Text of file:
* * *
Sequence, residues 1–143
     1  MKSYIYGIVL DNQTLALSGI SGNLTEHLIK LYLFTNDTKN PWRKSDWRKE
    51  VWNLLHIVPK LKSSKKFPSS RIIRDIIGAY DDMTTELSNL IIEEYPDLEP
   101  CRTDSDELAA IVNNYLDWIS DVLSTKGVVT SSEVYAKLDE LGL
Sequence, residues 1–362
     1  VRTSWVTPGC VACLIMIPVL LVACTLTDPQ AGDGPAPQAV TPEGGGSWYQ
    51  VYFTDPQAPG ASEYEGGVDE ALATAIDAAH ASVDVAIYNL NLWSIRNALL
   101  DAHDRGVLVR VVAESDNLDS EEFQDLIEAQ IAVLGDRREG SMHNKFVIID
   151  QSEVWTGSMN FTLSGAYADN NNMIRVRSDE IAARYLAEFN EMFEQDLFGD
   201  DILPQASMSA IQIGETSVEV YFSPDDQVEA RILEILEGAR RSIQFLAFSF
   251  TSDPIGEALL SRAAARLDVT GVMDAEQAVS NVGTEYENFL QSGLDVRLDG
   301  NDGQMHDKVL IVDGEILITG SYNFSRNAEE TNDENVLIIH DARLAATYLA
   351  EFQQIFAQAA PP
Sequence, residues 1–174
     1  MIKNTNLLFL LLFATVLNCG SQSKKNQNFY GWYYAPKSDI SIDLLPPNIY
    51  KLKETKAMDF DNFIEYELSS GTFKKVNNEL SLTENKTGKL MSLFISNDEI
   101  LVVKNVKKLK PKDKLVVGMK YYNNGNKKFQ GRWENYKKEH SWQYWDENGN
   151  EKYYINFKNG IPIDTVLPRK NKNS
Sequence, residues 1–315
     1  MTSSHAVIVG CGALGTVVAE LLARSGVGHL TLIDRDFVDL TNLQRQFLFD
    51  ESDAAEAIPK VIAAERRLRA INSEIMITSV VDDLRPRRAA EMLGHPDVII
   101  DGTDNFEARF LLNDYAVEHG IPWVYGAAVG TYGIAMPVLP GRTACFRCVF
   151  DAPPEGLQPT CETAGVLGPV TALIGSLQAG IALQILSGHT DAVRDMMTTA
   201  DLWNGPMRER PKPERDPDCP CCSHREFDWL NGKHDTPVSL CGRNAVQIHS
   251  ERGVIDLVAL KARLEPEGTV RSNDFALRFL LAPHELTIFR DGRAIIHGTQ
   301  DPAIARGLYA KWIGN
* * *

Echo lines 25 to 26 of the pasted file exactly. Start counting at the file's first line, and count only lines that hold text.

   251  ERGVIDLVAL KARLEPEGTV RSNDFALRFL LAPHELTIFR DGRAIIHGTQ
   301  DPAIARGLYA KWIGN